Games and Healing

Over the next few weeks, we played more games than I could count. Most activities involved flexible, if not evolving rules, typical of the creative mind of a five-year-old. In time, Annie was jumping, lunging, squatting, and kneeling; all with a bright smile and an infectious laugh.

When asked if her leg still gave her trouble, Annie hesitated before responding with “If I say no, does that mean I can’t come back?” This was certainly a success story, which I attribute greatly to the initial approach. Her feelings were respected and validated, but not allowed to become crippling. A delicate balance indeed.

Rehabilitation: Building Confidence

The rehabilitation of patients following surgical repair is common in outpatient physical therapy. Whether it be helping an athlete return to sport or an employee return to work, there is much to consider when constructing a plan of care.

The fundamental issue for these patients is to regain the confidence to engage in the behavior—however modified—that landed them in their current predicament. And it should come as no surprise if/when the patient is a little skittish about resuming those activities.

A classic illustration is falling. I have had countless patients with instability and poor balance as their primary diagnosis—most having experienced at least one fall. Falling has an uncanny way of grasping your attention; and falling while performing a basic task that has long been taken for granted tends to have a sobering effect.

These patients begin to question their bodies and their functional capacity. This process of self-appraisal  frequently causes the patient to self-limit—considerably more than needed—unnecessarily robbing themselves of precious function.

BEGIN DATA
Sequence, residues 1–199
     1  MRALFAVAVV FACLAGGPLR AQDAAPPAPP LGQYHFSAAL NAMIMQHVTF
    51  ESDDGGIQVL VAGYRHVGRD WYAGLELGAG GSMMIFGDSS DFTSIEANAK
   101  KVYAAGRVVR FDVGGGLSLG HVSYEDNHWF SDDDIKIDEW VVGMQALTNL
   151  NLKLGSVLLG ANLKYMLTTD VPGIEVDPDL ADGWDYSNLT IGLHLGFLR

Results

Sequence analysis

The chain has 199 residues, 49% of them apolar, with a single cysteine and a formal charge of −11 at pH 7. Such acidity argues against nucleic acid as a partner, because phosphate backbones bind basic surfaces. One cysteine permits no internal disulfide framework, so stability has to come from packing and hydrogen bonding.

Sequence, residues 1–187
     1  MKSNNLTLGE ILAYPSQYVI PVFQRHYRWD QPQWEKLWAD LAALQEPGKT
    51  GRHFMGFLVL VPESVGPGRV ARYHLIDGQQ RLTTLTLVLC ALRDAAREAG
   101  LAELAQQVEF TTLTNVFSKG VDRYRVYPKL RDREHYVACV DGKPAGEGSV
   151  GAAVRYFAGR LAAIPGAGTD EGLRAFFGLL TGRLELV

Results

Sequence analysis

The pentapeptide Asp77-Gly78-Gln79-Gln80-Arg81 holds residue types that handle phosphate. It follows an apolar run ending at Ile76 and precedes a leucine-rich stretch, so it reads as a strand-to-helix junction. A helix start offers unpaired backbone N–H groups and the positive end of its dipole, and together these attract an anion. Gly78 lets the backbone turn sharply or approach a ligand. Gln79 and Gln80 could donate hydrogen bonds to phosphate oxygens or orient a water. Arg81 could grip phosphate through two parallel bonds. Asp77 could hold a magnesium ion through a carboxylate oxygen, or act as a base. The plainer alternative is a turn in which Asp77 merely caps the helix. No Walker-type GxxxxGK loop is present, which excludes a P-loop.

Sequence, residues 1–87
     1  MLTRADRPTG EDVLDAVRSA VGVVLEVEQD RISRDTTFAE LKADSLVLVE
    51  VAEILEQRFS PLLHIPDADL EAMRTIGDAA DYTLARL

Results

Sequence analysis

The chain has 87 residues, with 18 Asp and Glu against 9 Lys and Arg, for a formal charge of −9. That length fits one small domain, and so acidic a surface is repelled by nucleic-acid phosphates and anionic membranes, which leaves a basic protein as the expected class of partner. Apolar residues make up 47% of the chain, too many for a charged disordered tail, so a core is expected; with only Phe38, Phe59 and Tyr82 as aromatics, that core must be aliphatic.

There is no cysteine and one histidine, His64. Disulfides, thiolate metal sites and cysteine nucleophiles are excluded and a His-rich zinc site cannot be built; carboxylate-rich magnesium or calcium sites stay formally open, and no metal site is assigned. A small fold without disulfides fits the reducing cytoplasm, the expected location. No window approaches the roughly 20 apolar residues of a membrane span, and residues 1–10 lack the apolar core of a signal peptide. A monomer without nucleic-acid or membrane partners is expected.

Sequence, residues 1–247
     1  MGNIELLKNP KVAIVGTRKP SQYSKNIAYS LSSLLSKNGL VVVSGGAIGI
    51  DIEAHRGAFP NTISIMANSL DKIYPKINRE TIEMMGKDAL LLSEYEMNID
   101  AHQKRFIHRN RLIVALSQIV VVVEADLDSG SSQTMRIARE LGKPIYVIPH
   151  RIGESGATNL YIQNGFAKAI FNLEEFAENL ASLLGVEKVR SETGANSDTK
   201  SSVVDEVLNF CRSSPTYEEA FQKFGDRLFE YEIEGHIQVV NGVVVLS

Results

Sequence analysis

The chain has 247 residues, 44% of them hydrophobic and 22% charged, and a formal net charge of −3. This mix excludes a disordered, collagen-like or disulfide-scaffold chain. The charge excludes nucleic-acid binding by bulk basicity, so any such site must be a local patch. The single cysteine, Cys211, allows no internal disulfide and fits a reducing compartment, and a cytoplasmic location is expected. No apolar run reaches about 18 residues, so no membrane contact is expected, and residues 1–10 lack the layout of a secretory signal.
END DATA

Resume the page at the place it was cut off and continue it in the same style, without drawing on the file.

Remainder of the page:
To illustrate: if we describe their pre-trauma capacity as basketball-sized and their post-traumatic capacity as baseball-sized, many patients will maintain a golf-ball-sized comfort zone. This gross short-changing is all too common and is frequently leads to residual psychological trauma.

The solution is confidence building. This is a multi-layered process that starts well before resuming what had been a detrimental activity. Early identification of the root of the problem, followed by education about the prescribed plan, and appropriate pacing of the therapeutic program—all can make all the difference in a patient’s ability to return confidently to function.

Physical Therapy: A Holistic Healing Process

The residual impact of traumatic experiences spans well beyond what we can physically see. Throughout the lifespan, people fall victim to psychological and emotional barriers following trauma. Complete recovery can frequently take longer than the typical time-frames associated with mere physical healing. A thorough and thoughtful clinician will recognize and demonstrate sensitivity to the many dimensions of wellness, while maintaining a willingness to refer the patient to the appropriate specialist, should the issue fall outside of their given scope of practice.